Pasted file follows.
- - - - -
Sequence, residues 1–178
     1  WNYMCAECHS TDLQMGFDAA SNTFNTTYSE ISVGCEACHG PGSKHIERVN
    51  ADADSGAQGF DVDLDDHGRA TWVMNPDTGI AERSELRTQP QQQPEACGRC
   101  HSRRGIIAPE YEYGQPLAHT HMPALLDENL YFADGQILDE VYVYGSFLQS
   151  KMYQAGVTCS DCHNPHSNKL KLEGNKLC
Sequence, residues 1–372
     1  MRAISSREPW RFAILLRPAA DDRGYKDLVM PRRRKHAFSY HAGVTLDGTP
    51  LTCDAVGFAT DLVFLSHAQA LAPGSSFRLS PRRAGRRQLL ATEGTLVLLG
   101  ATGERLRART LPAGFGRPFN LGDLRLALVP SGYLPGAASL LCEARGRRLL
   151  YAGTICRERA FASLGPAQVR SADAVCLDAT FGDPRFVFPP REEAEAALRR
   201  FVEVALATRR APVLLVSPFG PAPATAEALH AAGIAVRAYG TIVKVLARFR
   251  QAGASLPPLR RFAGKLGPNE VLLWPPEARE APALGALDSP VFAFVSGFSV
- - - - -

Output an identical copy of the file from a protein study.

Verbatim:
Sequence, residues 1–178
     1  WNYMCAECHS TDLQMGFDAA SNTFNTTYSE ISVGCEACHG PGSKHIERVN
    51  ADADSGAQGF DVDLDDHGRA TWVMNPDTGI AERSELRTQP QQQPEACGRC
   101  HSRRGIIAPE YEYGQPLAHT HMPALLDENL YFADGQILDE VYVYGSFLQS
   151  KMYQAGVTCS DCHNPHSNKL KLEGNKLC
Sequence, residues 1–372
     1  MRAISSREPW RFAILLRPAA DDRGYKDLVM PRRRKHAFSY HAGVTLDGTP
    51  LTCDAVGFAT DLVFLSHAQA LAPGSSFRLS PRRAGRRQLL ATEGTLVLLG
   101  ATGERLRART LPAGFGRPFN LGDLRLALVP SGYLPGAASL LCEARGRRLL
   151  YAGTICRERA FASLGPAQVR SADAVCLDAT FGDPRFVFPP REEAEAALRR
   201  FVEVALATRR APVLLVSPFG PAPATAEALH AAGIAVRAYG TIVKVLARFR
   251  QAGASLPPLR RFAGKLGPNE VLLWPPEARE APALGALDSP VFAFVSGFSV